Copied from Richmond Review: Richmond chefs whisk for podium finish By Martin van den Hemel – Richmond Review – April 30, 2008 Mickey Zhao (right), with potential pastry support team members Patrice Cordier (left) and Dominique Jarry, is going to the Culinary Olympics. Mark Patrick Two locals hope to whisk Richmond’s fine-food reputation into the stratosphere during the Culinary Olympics in Erfurt, Germany this October. Richmond’s Mickey Zhao, owner of St. Germain Bakery at Aberdeen Centre, has been named the head pastry chef for Canada’s entry in the 40-nation competition, which like its athletic equivalent is held every four years. Dominique Jarry, former owner of Sugar Art in Steveston, hasn’t formally been named to the pastry support team, but that is expected to happen later this year.
Zhao told The Richmond Review Wednesday he was extremely honoured to be named to the team. “That means a lot to me,” he said. For Zhao, a skill with all things sweet, fluffy and delicious was nurtured into him by his father, who was a pastry chef as well. And Zhao is no stranger to the high-stakes pressure in the kitchen that comes with representing his country. He was a pastry support team member when Canada garnered its first-ever gold medal in pastries in 2004. This time around, Zhao has been asked to take the reins as head pastry chef, and he said he will do his best not to disappoint. “That’s a very big step for me to come into that position.” Though the competition is still nearly six months away, Zhao said he’s holding weekly meetings with his team to develop the best cuisine to represent Canada. John Carlo Felicella, manager of Culinary Team Canada and head of the culinary department at Vancouver Community College, said Canada already has a world-class reputation for its food, and that’s something they hope to enhance.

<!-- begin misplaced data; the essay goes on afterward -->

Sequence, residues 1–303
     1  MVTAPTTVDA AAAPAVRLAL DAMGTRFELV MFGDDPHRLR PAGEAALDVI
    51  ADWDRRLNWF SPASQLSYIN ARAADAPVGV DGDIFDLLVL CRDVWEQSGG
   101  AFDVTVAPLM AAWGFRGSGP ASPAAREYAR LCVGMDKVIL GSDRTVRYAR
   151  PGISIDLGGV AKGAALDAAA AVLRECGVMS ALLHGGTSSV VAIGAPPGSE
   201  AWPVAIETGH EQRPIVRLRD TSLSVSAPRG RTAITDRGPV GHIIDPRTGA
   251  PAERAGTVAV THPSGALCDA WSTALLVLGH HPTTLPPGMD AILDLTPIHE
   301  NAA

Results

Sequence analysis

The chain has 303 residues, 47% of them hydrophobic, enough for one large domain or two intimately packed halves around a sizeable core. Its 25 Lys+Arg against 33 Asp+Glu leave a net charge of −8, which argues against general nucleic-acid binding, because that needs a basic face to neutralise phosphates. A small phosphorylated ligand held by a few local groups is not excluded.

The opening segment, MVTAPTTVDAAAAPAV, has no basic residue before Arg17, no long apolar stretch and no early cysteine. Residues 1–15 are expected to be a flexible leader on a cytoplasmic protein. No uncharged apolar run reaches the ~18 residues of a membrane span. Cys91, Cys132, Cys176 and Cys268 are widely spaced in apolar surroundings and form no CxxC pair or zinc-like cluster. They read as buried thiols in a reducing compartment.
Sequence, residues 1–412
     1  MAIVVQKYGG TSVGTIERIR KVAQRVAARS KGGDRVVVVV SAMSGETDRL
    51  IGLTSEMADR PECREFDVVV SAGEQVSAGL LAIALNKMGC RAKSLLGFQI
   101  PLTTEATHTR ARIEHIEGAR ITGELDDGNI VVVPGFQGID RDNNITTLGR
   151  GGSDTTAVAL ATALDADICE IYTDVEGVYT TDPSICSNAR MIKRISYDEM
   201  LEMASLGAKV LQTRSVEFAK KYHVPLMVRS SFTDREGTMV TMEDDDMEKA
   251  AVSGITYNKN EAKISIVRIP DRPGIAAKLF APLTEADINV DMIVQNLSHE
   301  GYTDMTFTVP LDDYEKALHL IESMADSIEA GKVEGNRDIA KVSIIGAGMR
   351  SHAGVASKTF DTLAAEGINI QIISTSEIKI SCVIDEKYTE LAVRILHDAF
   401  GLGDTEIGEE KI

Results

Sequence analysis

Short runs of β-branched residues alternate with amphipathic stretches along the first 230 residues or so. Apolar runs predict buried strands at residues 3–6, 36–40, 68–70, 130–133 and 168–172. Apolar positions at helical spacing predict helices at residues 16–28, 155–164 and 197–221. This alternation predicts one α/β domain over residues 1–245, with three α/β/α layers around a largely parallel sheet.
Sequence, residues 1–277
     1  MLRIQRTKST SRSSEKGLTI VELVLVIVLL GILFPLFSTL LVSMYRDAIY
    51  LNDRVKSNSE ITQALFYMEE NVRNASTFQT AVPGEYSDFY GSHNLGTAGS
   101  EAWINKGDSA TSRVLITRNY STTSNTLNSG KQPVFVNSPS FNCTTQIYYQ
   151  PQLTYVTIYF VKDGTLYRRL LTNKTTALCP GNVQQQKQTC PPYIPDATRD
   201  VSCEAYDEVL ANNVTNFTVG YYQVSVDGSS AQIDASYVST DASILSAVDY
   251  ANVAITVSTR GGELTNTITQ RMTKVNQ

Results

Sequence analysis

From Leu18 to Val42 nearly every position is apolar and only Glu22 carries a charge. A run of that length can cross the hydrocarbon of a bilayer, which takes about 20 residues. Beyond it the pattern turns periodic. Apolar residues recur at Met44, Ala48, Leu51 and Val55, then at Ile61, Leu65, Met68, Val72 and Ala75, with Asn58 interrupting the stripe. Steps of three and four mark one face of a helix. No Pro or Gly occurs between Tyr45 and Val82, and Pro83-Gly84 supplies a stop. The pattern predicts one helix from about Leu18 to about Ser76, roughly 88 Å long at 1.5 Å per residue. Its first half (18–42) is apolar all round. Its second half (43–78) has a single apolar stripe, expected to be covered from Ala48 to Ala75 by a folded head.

The team comprises six chefs, and another 16 support members, and has been assembled by Felicella to compete in events all over the world. Some members are chefs, some are restaurant owners, some are teachers. The team practices five days per month. Being part of the team entails committing three months of the year for one show. “That’s a lot of work. Plus we have to raise money…not only through sponsorship but through (fundraising).” To compete in the four-day event in Germany will cost $250,000, and the team will cook for 110 invited guests, including four anonymous judges. The team—with members from New Brunswick, Ontario, Manitoba and Newfoundland—will be graded on presentation, taste, originality and nutritional value, among other things.
Zhao was formally trained at George Brown College Chef School in Toronto, taking a three-year pastry apprenticeship program. And while apprenticing, he was selected to the national youth team, which earned medals during international events in Holland and Singapore, among other places. Zhao also earned his stripes while working as the pastry sous chef at the “busiest hotel in the world,” the Marriott Marquis in New York City for three years. And while working in New York, Canada’s national team flew him back to Canada on a monthly basis for competitions and practices. Jarry, whose specialty is sugar, chocolate and show pieces, said he’s been asked in the past to compete, but has been too busy running his business. Now that he’s semi-retired, he said he’s prepared to represent Canada. He’s spending a couple of hours a day designing the piece for the German competition, and said the show piece will take four hours a day for a month to make. What does it entail? Well that’s a secret that won’t be unveiled until competition time. Billed as the most prestigious culinary competition in the world, the IKA International Culinary Olympics will be held from Oct. 19 to 22 and the event will see more than 2,000 chefs competing for their respective countries.